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The Thing at 40: How the Sci-Fi Horror Film Became John Carpenter’s Best Work

Despite its initial financial and critical failure in 1982, The Thing has become revered in the past 40 years because it remains Carpenter’s best.

It is June 1982. After being hijacked by the independent auteurs of the New Hollywood movement throughout the ’70s, a few key box office juggernauts, such as Steven Spielberg’s Jaws and George Lucas’ Star Wars​​​​​​, have swayed the filmmaking business back in the favor of classically-rooted, big-budget blockbusters. This results in filmmakers like Spielberg and Lucas, who got their respective starts making fairly low-profile independent works, jumping over to big-budget studio productions. One such independent filmmaker is John Carpenter, a writer/director who spent the latter half of the ’70s forging his reputation with numerous independent success stories before signing on to make his studio debut with Universal’s The Thing.

With audiences’ appetites whet for both big-budget science-fiction films and Carpenter’s uniquely masterful blend of suspense and terror, The Thing looks guaranteed to be a smash hit. And then, E.T. happens. Released June 11, 1982, Spielberg’s E.T. becomes a pop culture-defining event film and leaves Carpenter’s decidedly less friendly alien invasion film (which was released two weeks later on June 25, 1982) to fall upon deaf ears. But now, 40 years later, it’s clear that not only is The Thing a science-fiction horror masterpiece, but it’s also John Carpenter’s greatest film.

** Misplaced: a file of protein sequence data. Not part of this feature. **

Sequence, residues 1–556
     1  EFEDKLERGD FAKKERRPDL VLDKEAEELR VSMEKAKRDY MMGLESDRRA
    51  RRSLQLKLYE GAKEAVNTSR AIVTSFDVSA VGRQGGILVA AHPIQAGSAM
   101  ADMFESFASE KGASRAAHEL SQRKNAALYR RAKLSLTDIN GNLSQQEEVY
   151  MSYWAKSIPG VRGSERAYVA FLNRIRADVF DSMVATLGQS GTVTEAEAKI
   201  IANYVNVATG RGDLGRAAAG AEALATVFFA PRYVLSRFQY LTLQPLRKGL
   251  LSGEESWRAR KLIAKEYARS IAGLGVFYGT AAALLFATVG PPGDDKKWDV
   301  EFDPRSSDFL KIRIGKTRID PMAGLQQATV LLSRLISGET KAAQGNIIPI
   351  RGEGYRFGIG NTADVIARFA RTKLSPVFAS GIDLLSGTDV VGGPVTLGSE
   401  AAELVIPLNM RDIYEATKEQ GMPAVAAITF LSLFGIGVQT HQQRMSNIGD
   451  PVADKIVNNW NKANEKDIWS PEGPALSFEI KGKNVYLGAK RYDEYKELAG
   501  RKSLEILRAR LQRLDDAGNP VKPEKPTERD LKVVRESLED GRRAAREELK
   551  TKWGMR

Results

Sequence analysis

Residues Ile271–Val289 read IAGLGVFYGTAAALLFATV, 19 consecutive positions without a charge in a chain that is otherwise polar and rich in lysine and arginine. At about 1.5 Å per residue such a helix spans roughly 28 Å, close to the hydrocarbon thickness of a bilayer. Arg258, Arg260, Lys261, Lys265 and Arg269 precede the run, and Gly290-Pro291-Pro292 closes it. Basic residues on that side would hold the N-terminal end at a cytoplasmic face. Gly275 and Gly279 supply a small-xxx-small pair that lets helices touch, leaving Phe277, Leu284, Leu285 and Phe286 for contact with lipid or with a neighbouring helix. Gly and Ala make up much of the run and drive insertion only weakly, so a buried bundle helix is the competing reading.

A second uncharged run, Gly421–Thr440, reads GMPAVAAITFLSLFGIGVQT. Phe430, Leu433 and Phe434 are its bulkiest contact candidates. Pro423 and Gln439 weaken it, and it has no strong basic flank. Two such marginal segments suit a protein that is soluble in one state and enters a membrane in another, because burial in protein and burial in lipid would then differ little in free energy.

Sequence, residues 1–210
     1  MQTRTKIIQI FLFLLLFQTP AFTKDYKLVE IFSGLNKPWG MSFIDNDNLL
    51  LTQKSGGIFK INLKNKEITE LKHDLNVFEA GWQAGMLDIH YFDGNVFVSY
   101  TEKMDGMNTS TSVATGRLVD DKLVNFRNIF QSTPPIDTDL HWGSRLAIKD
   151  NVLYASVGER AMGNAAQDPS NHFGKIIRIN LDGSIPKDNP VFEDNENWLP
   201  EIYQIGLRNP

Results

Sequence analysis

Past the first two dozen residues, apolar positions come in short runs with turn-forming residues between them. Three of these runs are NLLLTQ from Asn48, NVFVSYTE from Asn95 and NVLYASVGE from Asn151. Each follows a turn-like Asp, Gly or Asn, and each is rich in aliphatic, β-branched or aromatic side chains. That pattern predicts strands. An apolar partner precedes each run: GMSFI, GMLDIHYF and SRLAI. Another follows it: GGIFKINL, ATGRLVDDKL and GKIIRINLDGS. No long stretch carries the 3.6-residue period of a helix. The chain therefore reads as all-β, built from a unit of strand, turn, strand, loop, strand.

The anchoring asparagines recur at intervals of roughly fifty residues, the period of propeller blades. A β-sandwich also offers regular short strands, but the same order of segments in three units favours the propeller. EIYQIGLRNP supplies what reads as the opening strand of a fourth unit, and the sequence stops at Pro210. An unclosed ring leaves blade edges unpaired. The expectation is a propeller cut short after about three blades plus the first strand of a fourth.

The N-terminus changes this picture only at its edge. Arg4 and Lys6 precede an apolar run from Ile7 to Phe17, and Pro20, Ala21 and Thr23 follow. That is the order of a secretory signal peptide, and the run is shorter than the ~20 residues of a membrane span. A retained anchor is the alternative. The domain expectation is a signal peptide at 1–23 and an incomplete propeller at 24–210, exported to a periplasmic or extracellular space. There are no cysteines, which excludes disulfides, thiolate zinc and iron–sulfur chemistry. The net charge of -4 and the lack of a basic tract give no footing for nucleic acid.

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After attending USC School of Cinematic Arts in the late ’60s, John Carpenter burst onto the scene in the ’70s with a string of low-budget films. The first of these, Dark Star, was a science-fiction film co-written by future Alien-scribe Dan O’Bannon. Released in 1974 and made on a shoe-string budget, Dark Star afforded Carpenter an early chance to explore how he could meld his favorite genres together into a uniquely cohesive whole and how to make a low budget work in his favor. Carpenter served as writer, director, producer, editor and composer for Dark Star, a multitasking precedent that would persist throughout his career.

Dark Star introduced Carpenter to the filmmaking business, but it was the release of Assault on Precinct 13 in 1976 that truly kicked off his career. A taut, low-budget action thriller that showcased Carpenter’s gifts for staging impactful setpieces, orchestrating classical suspense and foregrounding immediacy in his characterizations, Assault on Precinct 13 became a robust independent success. This acclaim led to Carpenter becoming one of the hardest working people in independent filmmaking, working as a scribe-for-hire on films such as The Eyes of Laura Mars, Zuma Beach and Better Late Than Never while also making films such as Someone’s Watching Me!, Halloween, Elvis, The Fog and Escape From New York all in the span of just four years. Each of Carpenter’s films were incredible successes, all of which also saw him rigorously refining his craft and expanding his professional palette.

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This culminated with Carpenter’s move to the big leagues, signing on to his first major studio gig with Universal, making The Thing. Right from the get-go, it seemed too good to be true: Carpenter, a filmmaker who accredited his passion for filmmaking to Howard Hawks and the atomic dread-fueled science-fiction horror movies of the ’50s was going to remake Howard Hawks’ own seminal ’50s science-fiction horror film, The Thing From Another World, as his first big-budget swing. Remaking one of his favorite films was clearly not something Carpenter took lightly, bringing some of his most notable and influential collaborators aboard with him in the hopes of delivering something truly worthy of the title